I knew she needed a hug. But I didn’t even really know her. Is it appropriate to hug complete strangers?
So the next day, I was washing dishes and looked out my window and saw this lady sitting by her campfire. I felt the nudge. I argued, “You want me to do what? You’re kidding! I don’t even know her.” I waited. I looked out again. She was still sitting there. I dried my last dish and stood there watching her. I knew what I needed to do.
She looked up as I walked towards her. I simply said, “Yesterday when you told me about your week, I knew you needed a hug and I didn’t give you one. That was wrong of me. Would you accept a hug now from a stranger?” She said she would. So we hugged and I knew she was battling something pretty significant. We continued talking and she told me that all 3 of the funerals were women who had been battling breast cancer. One of the women had been her paddling partner for her Dragon Boat racing team. I felt like my insides were crumbling. The reality of the fragility of life. I didn’t want to hear it. But I stayed. I knew that the processing I had been doing in the past few weeks had not been in vain as we shared together how cancer had changed us. The beauty of it is that she is also a believer in the faithfulness of God and how He has walked every inch of this journey with her.
And even in the terror of knowing we could be next for a recurrence, we have the assurance that come what may, He can give us the peace and the strength we need to face it.
So we’re not strangers anymore. We wiped our tears and hugged and exchanged contact information.
Sisterhood of the Breast Cancer Pants (?).
Yesterday was one of those days. I know that others who have gone through life/death experiences will understand. And it happened at Tinkertown. I hadn’t had one of these for a while and I was really hoping that I wasn’t settling into a “normal” life again. Some things happened in the past few weeks that were unsettling and eye opening again – one of them being the passing of the mother of a good friend of mine. She had been diagnosed just before I was and had been battling with breast cancer since then. I followed her treatment from a distance and when I heard she had lost the fight, and gone home, it hit me like a ton of bricks. Something like this can have a profound effect on a survivor. One fellow BC survivor said every once in a while something comes along when your false sense of well-being is devastated and you realize again how fragile life is.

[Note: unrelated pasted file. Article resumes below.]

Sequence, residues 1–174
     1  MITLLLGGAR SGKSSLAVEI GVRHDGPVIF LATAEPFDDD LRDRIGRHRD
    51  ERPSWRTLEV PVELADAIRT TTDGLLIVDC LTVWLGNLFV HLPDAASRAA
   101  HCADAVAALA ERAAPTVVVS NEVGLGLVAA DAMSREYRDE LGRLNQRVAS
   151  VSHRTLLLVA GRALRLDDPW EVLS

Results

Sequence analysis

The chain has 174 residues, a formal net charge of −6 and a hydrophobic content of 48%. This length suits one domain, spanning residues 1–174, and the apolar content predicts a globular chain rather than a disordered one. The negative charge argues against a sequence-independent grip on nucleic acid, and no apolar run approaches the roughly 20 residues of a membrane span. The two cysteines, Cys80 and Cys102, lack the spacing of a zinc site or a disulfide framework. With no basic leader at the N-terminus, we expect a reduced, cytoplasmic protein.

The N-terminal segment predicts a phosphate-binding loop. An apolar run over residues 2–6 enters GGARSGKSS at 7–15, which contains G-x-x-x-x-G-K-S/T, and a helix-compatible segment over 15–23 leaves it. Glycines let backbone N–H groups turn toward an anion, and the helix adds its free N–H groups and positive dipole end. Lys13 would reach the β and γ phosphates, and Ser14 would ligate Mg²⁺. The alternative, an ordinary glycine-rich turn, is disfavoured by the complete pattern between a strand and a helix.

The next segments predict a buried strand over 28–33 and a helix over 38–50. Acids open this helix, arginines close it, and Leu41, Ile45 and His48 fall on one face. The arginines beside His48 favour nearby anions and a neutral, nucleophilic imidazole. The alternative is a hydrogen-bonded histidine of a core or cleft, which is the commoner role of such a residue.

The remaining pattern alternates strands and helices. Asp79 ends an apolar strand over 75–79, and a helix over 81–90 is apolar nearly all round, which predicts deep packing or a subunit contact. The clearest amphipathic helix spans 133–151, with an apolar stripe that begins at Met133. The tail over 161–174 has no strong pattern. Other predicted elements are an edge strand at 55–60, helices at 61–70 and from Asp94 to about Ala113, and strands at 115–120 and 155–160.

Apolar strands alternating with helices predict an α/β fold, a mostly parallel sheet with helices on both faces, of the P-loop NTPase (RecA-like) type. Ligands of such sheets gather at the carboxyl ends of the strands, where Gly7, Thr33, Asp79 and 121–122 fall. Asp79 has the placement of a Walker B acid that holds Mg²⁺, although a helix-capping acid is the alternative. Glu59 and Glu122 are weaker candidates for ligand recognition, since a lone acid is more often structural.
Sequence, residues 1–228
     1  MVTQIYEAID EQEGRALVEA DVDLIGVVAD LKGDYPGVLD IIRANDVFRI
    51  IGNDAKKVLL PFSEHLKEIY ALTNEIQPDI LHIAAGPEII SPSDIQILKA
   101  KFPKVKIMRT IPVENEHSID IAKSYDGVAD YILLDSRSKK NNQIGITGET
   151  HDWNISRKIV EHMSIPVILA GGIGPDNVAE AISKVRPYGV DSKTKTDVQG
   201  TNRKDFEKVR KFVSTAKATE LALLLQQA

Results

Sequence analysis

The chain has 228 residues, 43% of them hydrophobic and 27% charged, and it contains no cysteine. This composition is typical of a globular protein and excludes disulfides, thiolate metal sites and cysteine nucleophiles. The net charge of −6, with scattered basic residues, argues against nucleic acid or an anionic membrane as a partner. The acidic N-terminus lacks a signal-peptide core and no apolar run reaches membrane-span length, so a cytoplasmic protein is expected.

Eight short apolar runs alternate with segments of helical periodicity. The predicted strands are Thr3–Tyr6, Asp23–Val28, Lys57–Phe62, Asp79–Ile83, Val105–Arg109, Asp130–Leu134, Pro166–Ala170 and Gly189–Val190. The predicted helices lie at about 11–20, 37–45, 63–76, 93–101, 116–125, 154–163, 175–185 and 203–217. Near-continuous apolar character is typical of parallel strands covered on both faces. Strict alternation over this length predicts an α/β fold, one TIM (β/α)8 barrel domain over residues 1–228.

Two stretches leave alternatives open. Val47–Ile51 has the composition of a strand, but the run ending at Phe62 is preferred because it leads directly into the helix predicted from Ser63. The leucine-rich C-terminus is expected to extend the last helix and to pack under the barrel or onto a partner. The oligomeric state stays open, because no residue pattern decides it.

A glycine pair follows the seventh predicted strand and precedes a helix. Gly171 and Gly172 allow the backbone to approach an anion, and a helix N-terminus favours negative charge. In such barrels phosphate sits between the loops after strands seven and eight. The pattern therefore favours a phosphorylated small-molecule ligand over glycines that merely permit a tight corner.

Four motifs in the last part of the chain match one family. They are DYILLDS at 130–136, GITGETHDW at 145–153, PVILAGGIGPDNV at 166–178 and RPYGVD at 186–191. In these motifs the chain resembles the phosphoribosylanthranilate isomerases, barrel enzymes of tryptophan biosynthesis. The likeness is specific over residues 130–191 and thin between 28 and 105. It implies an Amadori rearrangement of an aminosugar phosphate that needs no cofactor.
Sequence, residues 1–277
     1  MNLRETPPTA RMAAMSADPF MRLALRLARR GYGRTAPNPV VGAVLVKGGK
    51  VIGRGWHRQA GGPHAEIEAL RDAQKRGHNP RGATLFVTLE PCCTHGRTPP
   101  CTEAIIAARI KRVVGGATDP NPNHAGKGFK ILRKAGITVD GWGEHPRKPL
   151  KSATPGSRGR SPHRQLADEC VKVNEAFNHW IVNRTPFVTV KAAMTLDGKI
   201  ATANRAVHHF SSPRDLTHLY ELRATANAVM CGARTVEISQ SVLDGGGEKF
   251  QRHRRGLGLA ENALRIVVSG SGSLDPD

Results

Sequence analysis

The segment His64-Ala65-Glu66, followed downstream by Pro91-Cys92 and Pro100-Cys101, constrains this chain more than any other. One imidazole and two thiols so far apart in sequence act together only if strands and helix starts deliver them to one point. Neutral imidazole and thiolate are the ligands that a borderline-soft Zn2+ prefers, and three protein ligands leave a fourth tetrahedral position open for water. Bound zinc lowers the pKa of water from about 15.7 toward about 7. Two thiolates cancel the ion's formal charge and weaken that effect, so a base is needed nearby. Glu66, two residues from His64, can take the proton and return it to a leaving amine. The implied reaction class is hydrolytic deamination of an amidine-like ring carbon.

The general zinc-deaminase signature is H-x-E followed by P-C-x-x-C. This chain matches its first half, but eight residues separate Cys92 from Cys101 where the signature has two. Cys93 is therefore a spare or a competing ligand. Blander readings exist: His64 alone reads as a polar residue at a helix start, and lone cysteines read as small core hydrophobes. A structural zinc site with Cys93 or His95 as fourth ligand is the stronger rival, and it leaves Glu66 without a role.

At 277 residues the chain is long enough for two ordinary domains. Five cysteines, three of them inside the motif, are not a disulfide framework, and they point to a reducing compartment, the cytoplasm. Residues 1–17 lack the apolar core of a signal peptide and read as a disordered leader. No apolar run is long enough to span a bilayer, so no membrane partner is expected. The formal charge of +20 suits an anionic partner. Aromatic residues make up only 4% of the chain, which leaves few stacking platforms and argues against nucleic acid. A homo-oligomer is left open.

So yesterday, at Tinkertown, my 3 yr old granddaughters were riding on the Merry-go-round. I was watching them and as they came around and I saw the joy and thrill of the experience on their faces, I had that overwhelming sense of appreciation for life. There was no holding back the tears. It came in a swell from deep inside. I was filled with such a thankfulness for the gift of being able to be there in that moment. My daughters stood beside me as we hugged and realized together how precious this experience was.
Congratulations to three Word Alive Press Manitoba authors who were recently mentioned in the Winnipeg Free Press!!
Help put Manitobans On the Same Page